Tuesday, 29 January 2008

The Drama of the Far Future

As they cross London on their way from Hammersmith to visit old Hammond in the British Museum, William Guest and Dick Hammond pass through an exuberant cluster of utopian architecture which contains, on the south side of the road, ‘an octagonal building with a high roof, not unlike the Baptistry at Florence in outline, except that it was surrounded by a lean-to that clearly made an arcade or cloisters to it; it also was most delicately ornamented’ (News from Nowhere, chapter four). The building turns out to be ‘our theatre’, and Dick is particularly concerned that Guest should admire it because ‘I had a hand in it; I made the great doors, which are of damascened bronze’. ‘We will look at them later in the day’, Dick promises; but he and Guest in fact never do, so our one chance to learn more about what kinds of drama flourish in Nowhere is gone for good, and the octagonal theatre will forever remain as silent and enigmatic as the little town of Keats’s ‘Ode on a Grecian Urn’, from which ‘not a soul to tell/Why thou art desolate, can e’er return’.

Well, Keats’s Grecian urn teases us out of thought; can William Morris’s utopian theatre tease us into thought? We have some excellent accounts of Morris’s actual tastes in drama, contemporary and historical. Nick Salmon has a trenchant article on ‘The Unmanageable Playgoer: Morris and the Victorian Theatre’ (Journal of the William Morris Society, 12.4, Spring 1998, 29-35) and Pamela Bracken Wiens’s introduction to her edition of Morris’s own dramatic experiment, The Tables Turned or Nupkins Awakened (Ohio University Press, 1994), valuably extends Nick Salmon’s thoughts. Such discussions may give us some sense of what might be playing in Nowherian theatres in the immediate ‘Morrow of the Revolution’; but the novel itself also requires us to think very much further ahead than this, towards the ‘future of the full-developed new society’ decades or centuries down the line. We will need, therefore, to be boldly speculative, to draw not only on Morris’s own historical dramatic tastes but on the whole later history of political, modernist and postmodern theatre, if we are to tentatively sketch the lineaments of what might be playing in Nowhere’s octagonal theatre the day that Guest and Dick jog gently past it with Greylocks. And surely News from Nowhere encourages us to do just this. It is, after all, merely ‘some chapters from a utopian romance’ (my emphasis), a heading which licenses us to go on and write other, additional chapters for it, including, I would like to think, one on drama (whose possibility and validity the text has thus architecturally marked out for us in advance).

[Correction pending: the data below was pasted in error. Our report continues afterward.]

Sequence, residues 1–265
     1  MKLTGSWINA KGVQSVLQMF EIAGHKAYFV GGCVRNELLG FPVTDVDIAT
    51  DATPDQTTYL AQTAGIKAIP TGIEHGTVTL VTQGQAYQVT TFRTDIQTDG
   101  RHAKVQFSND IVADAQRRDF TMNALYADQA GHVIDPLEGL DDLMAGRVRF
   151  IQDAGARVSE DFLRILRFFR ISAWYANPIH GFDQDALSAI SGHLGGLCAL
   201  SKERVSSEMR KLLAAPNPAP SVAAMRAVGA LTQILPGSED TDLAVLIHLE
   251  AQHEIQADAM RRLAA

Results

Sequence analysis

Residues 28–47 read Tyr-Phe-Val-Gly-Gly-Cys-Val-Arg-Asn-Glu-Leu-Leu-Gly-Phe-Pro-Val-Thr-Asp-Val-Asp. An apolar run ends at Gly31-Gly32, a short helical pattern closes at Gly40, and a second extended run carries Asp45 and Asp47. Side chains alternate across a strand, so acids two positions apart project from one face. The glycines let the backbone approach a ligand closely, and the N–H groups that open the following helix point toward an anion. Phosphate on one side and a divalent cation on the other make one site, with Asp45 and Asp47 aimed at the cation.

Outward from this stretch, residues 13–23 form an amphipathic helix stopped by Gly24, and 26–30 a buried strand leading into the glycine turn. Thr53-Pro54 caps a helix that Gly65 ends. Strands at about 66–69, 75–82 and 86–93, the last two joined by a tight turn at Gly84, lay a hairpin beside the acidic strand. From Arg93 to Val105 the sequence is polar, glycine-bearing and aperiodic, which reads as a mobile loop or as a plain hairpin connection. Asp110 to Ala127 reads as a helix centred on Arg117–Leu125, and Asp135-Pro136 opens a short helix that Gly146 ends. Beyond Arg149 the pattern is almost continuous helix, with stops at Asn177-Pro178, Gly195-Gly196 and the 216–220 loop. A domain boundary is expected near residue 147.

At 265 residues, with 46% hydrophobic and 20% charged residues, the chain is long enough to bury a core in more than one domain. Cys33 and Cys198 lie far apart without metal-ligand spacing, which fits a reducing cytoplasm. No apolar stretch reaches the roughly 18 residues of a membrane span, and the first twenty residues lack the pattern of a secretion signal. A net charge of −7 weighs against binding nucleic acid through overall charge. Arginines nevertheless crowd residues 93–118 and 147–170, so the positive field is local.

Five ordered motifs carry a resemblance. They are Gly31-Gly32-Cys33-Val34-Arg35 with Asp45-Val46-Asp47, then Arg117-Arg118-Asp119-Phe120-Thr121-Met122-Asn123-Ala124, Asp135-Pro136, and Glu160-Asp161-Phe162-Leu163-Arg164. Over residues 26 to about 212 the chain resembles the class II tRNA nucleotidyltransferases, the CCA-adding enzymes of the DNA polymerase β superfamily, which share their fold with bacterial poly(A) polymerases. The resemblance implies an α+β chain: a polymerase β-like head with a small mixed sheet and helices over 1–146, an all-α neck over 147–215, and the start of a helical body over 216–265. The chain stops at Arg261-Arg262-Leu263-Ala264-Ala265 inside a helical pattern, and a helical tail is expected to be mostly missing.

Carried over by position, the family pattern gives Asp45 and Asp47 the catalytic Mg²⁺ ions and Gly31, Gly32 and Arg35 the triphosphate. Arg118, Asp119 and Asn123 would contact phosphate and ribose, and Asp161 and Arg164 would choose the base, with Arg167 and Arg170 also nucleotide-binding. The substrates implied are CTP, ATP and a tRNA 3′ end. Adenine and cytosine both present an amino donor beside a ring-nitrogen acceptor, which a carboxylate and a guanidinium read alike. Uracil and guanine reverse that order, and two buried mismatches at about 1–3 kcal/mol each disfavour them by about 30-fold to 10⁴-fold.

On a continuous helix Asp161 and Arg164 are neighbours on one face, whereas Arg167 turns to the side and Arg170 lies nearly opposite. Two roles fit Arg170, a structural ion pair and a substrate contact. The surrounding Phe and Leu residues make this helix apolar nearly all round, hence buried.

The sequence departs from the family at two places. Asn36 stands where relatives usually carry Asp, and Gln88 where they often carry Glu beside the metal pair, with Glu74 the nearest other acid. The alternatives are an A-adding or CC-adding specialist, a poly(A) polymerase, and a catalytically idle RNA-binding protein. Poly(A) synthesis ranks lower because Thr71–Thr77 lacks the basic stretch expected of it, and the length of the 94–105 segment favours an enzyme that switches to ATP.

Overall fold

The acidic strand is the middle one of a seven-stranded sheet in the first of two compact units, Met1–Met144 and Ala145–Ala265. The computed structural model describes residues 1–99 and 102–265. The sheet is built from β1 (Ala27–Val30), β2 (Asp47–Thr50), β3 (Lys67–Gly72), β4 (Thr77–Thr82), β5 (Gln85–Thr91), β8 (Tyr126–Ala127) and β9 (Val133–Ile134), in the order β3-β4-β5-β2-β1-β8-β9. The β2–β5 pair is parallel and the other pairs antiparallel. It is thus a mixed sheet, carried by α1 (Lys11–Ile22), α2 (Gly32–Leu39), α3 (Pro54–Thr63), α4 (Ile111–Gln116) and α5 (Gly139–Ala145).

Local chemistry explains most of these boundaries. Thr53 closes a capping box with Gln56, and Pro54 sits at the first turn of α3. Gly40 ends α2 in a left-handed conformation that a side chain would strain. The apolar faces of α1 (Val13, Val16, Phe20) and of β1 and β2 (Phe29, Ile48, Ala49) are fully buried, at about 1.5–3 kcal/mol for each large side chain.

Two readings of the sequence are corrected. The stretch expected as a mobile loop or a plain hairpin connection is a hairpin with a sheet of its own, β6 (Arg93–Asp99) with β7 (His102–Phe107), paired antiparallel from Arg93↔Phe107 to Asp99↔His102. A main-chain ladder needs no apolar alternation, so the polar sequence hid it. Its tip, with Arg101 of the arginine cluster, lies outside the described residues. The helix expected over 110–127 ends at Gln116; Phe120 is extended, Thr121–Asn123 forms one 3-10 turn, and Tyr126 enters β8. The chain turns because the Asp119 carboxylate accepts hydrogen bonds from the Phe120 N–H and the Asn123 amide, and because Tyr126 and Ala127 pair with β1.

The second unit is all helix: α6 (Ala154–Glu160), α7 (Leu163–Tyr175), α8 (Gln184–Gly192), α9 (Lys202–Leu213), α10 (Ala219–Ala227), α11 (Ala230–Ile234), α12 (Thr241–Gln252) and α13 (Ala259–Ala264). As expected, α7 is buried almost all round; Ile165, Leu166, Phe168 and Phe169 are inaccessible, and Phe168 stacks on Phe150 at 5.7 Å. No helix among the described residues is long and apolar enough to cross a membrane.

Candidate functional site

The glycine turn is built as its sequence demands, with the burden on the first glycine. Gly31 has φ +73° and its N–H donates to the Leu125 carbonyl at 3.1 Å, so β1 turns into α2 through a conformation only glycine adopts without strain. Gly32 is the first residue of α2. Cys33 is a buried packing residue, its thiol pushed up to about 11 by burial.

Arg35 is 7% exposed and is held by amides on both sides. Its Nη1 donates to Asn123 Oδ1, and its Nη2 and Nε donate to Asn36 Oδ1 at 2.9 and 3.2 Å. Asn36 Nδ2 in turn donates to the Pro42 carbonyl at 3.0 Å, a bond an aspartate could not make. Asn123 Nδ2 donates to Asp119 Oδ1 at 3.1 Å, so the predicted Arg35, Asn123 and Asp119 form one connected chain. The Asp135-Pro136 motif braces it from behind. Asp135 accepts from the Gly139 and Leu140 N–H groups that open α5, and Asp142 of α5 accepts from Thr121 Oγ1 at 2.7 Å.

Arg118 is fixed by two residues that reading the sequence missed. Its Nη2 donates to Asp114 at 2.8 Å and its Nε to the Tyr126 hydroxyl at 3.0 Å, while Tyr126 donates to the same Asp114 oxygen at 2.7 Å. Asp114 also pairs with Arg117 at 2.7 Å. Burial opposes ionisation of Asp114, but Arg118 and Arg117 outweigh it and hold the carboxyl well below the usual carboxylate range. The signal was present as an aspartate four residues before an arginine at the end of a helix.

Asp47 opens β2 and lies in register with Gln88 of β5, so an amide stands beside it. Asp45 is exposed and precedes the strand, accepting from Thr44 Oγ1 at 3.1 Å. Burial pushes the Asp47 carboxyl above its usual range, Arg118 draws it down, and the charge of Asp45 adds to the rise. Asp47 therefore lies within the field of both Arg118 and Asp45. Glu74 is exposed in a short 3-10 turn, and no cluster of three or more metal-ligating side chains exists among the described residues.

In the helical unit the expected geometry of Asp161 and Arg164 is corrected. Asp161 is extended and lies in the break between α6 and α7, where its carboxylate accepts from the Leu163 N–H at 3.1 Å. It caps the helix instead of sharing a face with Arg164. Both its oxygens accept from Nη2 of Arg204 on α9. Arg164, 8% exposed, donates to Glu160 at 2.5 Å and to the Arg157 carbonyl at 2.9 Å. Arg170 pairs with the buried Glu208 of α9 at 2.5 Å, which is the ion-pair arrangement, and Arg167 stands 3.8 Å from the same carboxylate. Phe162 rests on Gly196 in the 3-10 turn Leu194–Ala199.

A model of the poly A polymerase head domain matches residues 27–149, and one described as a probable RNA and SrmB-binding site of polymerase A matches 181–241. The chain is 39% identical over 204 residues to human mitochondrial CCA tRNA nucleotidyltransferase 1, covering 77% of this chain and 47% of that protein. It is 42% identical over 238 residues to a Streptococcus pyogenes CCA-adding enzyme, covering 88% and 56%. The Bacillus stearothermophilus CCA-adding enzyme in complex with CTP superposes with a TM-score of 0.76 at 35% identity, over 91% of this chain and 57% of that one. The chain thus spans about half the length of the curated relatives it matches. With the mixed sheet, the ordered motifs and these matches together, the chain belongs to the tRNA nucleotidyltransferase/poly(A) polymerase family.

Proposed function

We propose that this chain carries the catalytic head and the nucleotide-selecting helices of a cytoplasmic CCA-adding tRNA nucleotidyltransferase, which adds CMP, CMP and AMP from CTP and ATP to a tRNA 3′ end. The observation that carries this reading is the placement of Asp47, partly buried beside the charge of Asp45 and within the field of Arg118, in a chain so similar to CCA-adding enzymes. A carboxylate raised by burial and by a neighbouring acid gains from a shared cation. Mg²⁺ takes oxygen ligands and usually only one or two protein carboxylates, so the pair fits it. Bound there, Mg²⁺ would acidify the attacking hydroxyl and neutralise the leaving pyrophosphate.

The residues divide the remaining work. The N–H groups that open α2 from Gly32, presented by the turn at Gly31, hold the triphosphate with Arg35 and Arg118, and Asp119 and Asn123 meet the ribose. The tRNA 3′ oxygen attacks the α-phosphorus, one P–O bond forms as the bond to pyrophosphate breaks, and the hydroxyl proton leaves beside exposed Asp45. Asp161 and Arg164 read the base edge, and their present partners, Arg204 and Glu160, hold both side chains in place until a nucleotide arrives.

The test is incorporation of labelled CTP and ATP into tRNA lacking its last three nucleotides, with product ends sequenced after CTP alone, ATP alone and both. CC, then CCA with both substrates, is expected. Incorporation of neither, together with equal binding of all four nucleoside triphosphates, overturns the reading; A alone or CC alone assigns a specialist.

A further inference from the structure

However, drama in utopia can have its unsettling moments too, as Samuel Delaney’s marvellous novel Triton, one of the new-wave 'critical utopias' of the 1970s, reminds us. For its hero, Bron Helstrom, discovers that his exciting early encounter with an attractive, enigmatic woman in the ‘unlicensed sector’ – rich, it appears, in sexual promise – is actually nothing but a carefully coordinated dramatic performance staged for his benefit alone (‘we’re operating on a Government Arts Endowment to produce micro-theater for unique audiences’). Which might suddenly open up the vertiginious possibility that William Guest’s encounter with his own desirable but disturbing woman, Ellen, on the upper Thames in Morris’s utopia might just be a piece of colourful Nowherian micro-theatre whose theatricality he so painfully fails to grasp …

1 comment:

Anonymous said...

A piece of Nowherian micro-theatre?! No way! The people in future society are more straightforward. I wouldn't imagine that. On second thought, however, everything imaginative is possible in Nowhere,on the basis of 'no slavery in any form'. I could imagine: Morris thought it his dream, but it's Nowherians that triggered Morris's dream since they were anxious about the miserable state of the past. They found the most resonating mind to respond their desperate call. They (& Morris) might be still trying to contact us for complete equal & creative society. Are we going to respond?